By Steve Jacobson –
I was at my neighbors’ house the other night and they poured an EARTHQUAKE Cabernet Sauvignon and an EARTHQUAKE Petite Sirah. I have never had these wines before and they were really good. Not only was the conversation stimulating – we have recently become friends as I am in a new neighborhood – but the wine was wonderful. You can’t ask for a better combination. The Wine Ponderer has often stated, “Wine is only as good as the people with whom it is being shared.”
So what made the wine that good that I felt compelled to write about it? For starters, when I find a new wine that I really enjoy, I want to tell the world. Okay, so what made this wine “good”? Very simply put, I liked it. I liked it a lot.
The 2009 Petite Sirah (with some Cabernet Sauvignon blended in) is actually a 90-point wine (according to Robert Parker in Oct 2012). I didn’t know this going in, but I can certainly understand why it was rated so highly. Okay, what does that really mean to the taste buds? According to the wine notes – “It boasts an opaque purple color along with notes of blueberry and blackberry liqueur, camphor, and violets as was a long finish.” I found it to be a wonderfully drinkable, robust wine that had really nice depth and structure. And it tasted really good. It retails for $26, but Total Wine carries it for $23.
After we polished off the Petite Sirah, we opened the 2010 Cabernet Sauvignon (with some Petite Sirah blended in). This is an 87-point wine (Wine Enthusiast Oct 2012) that is “big and very fruity, with cranberry and cassis notes intermingled with a blackberry flavor. Smooth throughout, the wine finishes with a delicious hit of toffee and vanilla.” As soon as I tasted this one, I called out that this was a “big boy”. The word “smooth” was used in the tasting notes above, and that’s the word that I would use to describe this wine. There was plenty of structure without heavy tannins. And it had a really nice fruit forward sensibility without it being overwhelming. Another great tasting wine, and very reasonably priced. Retails for $26 – Total Wine has it for $22.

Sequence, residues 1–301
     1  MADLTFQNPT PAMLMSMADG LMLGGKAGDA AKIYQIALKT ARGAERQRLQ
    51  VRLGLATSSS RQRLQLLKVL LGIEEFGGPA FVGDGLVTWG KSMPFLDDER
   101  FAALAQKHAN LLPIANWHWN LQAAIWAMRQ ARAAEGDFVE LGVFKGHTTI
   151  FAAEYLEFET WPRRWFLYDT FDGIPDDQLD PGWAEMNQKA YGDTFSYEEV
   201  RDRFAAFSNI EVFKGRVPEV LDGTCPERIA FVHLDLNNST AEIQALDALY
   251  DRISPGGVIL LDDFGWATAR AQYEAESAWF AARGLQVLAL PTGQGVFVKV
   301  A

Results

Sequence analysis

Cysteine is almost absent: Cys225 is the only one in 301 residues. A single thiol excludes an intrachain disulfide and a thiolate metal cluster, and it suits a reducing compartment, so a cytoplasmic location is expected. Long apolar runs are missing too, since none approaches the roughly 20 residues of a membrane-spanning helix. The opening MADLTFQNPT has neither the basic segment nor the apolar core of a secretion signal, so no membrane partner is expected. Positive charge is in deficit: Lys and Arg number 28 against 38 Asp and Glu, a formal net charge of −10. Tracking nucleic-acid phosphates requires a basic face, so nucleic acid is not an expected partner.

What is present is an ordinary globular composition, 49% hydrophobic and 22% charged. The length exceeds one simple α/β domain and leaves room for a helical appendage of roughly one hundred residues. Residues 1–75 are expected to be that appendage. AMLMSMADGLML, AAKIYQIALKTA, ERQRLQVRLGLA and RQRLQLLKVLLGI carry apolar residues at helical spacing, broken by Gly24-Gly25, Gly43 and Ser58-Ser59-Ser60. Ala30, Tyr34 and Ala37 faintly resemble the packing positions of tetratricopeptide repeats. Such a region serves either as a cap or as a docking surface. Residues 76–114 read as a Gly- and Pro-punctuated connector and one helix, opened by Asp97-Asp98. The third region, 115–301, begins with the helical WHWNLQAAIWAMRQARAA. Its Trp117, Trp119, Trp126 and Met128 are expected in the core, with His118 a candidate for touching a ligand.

There is a third varietal that I am very much looking forward to tasting – the EARTHQUAKE Zinfandel. According to the winery website, this comes from an old Lodi vineyard planted around the same time of the Great Earthquake of 1906 in San Francisco. The tasting notes say – “Opaque, dark purple with a hint of cured tobacco on the nose. Exploding on the palates bursting with jammy black raspberry, warm spice and of course big on character.” Yes, I am salivating as I type these words. Please know there will be a follow up to this post once I have the pleasure of tasting this one. Retails for $26 – Total Wine has it for $20.
So who is responsible for EARTHQUAKE? The winery is called MICHAEL DAVID WINERY (http://www.michaeldavidwinery.com/) and is located near Lodi, California. Michael and David Phillips are brothers whose family has been farming this area since the 1850s. The sixth generation of the Phillips family has recently joined the business. You may be familiar with other wines they produce, including 7 DEADLY ZINS, 7 HEAVENLY CHARDS, INCOGNITO, RAPTURE, GLUTTONY, LUST and others. EARTHQUAKE is the RESERVE COLLECTION of wines from these producers. So that may account for the great quality and taste of these wines.
These are wines that I say if you have $15 to spend for a bottle of wine, dig a little deeper and go to $22/$23. It’s really worth it. I hope you do taste these wines… And when you do, please leave comments on this blog so we can all share in this wine experience. I am curious as to what you think about it.
My neighbors are really nice people and I am happy we got to share some nice wine together. After drinking a couple of bottles between us, it’s a good thing that I didn’t have to drive home.
“Good company, good wine, good welcome, can make good people.” – Shakespeare (enjoy more memorable wine quotes here.)